In line with the liberalisation of the market for charging points for electric vehicles in Portugal, Ministerial Orders 240/2015 and 241/2015 (dated August 12 2015) detail the licensing requirements applicable in this regard. As a result, there is now a legal framework to promote competition among charging point operators, which the government hopes will definitively boost electric mobility in Portugal.
The legal framework for electric mobility in Portugal was enacted in 2010 by Decree-Law 39/2010. The creation of an electric mobility network was envisaged as a pilot project. Previously, revenues from charging points were set administratively through Ministerial Order 180/2011, rather than being determined by market conditions. This was due to the need to grant a reasonable investment return to charging point operators at the initial stage of a project and therefore ensure the availability of a minimum number of charging points. However, the legislature considered this to be a temporary solution. The ultimate aim was for the remuneration of charging point operators to be on competitive terms.
In light of the above, Decree-Law 39/2010 was amended by Decree-Law 94/2014, which abrogated the remuneration mechanism for charging point operator revenues. As a result, the remuneration conditions for operators are now competitive and their revenues are determined by market conditions. The implementation of these changes was dependent on the publication of the abovementioned ministerial orders. The ministerial orders established the fees and the technical and legal requirements for licensing electric mobility supply activities and charging point operations.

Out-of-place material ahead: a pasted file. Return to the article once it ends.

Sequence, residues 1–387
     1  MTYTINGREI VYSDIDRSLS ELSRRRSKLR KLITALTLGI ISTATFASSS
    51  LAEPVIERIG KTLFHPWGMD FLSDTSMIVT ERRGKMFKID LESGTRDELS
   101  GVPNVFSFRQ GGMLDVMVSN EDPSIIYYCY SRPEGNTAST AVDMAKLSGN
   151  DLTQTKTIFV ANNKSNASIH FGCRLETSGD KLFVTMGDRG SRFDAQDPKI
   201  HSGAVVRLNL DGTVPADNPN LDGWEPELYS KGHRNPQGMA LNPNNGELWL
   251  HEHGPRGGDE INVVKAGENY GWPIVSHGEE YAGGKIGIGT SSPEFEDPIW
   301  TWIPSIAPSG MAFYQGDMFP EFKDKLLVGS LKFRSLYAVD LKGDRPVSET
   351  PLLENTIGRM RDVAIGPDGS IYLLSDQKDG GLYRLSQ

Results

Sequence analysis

The supply of electricity for electric mobility activities and the operation of electric mobility charging points are competitive and liberalised, subject to prior registration with the competent authorities and the receipt of a licence respectively.
Registration to become an electricity supplier in this sector is undertaken online. When granted, registration entitles the supplier to develop its activities throughout the country.
Licences for the operation of charging points may be requested by interested parties and are valid for 10 years. Charging point operators must be autonomous from the entity responsible for the management of electric mobility network operations. If the government deems that there are too few charging points to satisfy demand, a public tender may be launched for the award of the respective licences.
The management of operations in the electric mobility network is a non-competitive and regulated activity, developed by an entity appointed by the member of government responsible for the energy sector. Revenues generated are regulated and determined in accordance with the Regulation for Electric Mobility, as approved by the energy sector regulator.
The entity responsible for the management of operations in the electric mobility network must be independent of entities that – directly or indirectly – are dedicated to:
- the operation of charging points;
- generation activities; or
- the transmission, distribution or supply of electricity.(1)
For further information on this topic please contact Catarina Brito Ferreira or Martim Vaz da Silva at Morais Leitão Galvão Teles Soares da Silva & Associados by telephone (+351 21 381 74 57) or email (email@example.com or firstname.lastname@example.org). The Morais Leitão Galvão Teles Soares da Silva & Associados website can be accessed at www.mlgts.pt.
(1) This obligation does not impede the entity responsible for the management of electric mobility network operations from owning charging points, provided that their operation is assigned to a duly licensed charging point operator by means of a competitive and transparent tender process.
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